TORONTO--(BUSINESS WIRE)--To show support for caregivers and their families from coast to coast, Canada Cares has endorsed Dementia Friends Canada, an Alzheimer Society and Government of Canada friend-raising initiative.
Modeled on successful programs in the UK and Japan, Dementia Friends Canada is a nationwide campaign designed to build awareness and create positive change for those living with dementia and their loved ones.
Simply put, a Dementia Friend (DF) is someone who learns a little more about dementia and then turns that understanding into simple actions that can help people with dementia live well. For instance; a Friend can be someone who drops by to visit or covers a shift so that a co-worker can take his or her dad to the doctor. A Friend can be a student who shovels the snow for an older couple. And, a Friend can be someone who encourages a caregiver to take a break.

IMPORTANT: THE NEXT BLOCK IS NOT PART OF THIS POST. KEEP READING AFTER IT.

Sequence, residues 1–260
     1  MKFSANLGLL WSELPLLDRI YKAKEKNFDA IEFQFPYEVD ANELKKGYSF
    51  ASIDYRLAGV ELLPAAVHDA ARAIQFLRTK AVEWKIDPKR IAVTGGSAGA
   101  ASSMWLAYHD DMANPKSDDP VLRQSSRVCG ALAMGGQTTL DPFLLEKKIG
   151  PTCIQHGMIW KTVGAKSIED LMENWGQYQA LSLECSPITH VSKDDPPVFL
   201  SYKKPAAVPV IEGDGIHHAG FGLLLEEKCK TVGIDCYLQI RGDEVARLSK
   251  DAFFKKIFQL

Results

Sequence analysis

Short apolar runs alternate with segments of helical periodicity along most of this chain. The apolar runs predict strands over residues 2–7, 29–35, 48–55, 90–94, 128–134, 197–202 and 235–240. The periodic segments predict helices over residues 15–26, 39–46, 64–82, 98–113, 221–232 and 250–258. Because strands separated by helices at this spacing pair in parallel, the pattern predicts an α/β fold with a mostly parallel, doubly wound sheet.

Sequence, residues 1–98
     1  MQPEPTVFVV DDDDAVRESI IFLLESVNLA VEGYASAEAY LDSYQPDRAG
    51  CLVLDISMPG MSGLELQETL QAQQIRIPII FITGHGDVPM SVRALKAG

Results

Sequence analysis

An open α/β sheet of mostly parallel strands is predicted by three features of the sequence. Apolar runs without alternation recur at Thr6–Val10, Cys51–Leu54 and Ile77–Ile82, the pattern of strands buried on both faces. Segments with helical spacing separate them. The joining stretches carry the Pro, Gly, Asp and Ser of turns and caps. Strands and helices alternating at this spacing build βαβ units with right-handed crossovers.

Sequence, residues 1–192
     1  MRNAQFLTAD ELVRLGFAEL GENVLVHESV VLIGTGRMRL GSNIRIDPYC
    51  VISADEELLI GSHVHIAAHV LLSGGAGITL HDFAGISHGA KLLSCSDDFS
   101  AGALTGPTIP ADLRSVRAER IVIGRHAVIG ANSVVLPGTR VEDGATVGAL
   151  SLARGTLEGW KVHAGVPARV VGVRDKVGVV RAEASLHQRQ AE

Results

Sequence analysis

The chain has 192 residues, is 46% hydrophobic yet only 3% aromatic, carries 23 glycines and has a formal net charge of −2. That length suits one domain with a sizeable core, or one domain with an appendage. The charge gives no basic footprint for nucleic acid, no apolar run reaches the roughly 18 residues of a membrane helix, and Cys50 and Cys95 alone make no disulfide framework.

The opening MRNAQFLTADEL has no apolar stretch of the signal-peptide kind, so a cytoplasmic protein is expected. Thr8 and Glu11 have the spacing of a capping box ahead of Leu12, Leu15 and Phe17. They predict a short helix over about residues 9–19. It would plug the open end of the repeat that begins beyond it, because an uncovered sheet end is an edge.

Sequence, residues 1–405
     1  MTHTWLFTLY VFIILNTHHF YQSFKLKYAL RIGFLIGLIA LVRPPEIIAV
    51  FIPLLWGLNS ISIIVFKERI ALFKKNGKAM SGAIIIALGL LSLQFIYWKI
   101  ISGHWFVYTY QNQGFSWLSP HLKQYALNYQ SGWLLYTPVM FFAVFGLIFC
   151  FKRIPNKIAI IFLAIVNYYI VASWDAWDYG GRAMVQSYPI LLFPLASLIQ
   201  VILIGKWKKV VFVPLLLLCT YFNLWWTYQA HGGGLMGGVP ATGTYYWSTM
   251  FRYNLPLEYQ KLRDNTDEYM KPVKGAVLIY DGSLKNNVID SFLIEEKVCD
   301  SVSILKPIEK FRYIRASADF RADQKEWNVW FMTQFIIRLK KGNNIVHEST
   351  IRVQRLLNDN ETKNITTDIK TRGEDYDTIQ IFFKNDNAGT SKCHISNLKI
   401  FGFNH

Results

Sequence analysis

We recognize that “3 out of 4 Canadians know someone with dementia," says Caroline Tapp-McDougall, founder of Canada Cares. “By throwing our support behind the campaign we are recognizing that a substantial portion of the 444 million unpaid hours of care provided by family caregivers each year is for those living with dementia. It’s a huge concern and we need all the Friends we can get.”
Dementia Friends has an ambitious target of 1,000,000 Friends. We are asking workplaces and retailers to sign up to become Dementia Friends to show that they are caring employers and their customer service programs are inclusive.
Watch the short video, which explains what to look for and gives tips on how to support someone living with dementia in your community. It’s simple and easy to show your support and add your name to the movement.
And, as a thank-you for participating, new Friends have the chance to win a 7-day, all-inclusive trip to the Dominican Republic courtesy of Vision Travel if they register before December 31st.
We want everyone to participate and get involved! We are hoping that the media, workplaces and individuals will post our messages on their networks to get the message across.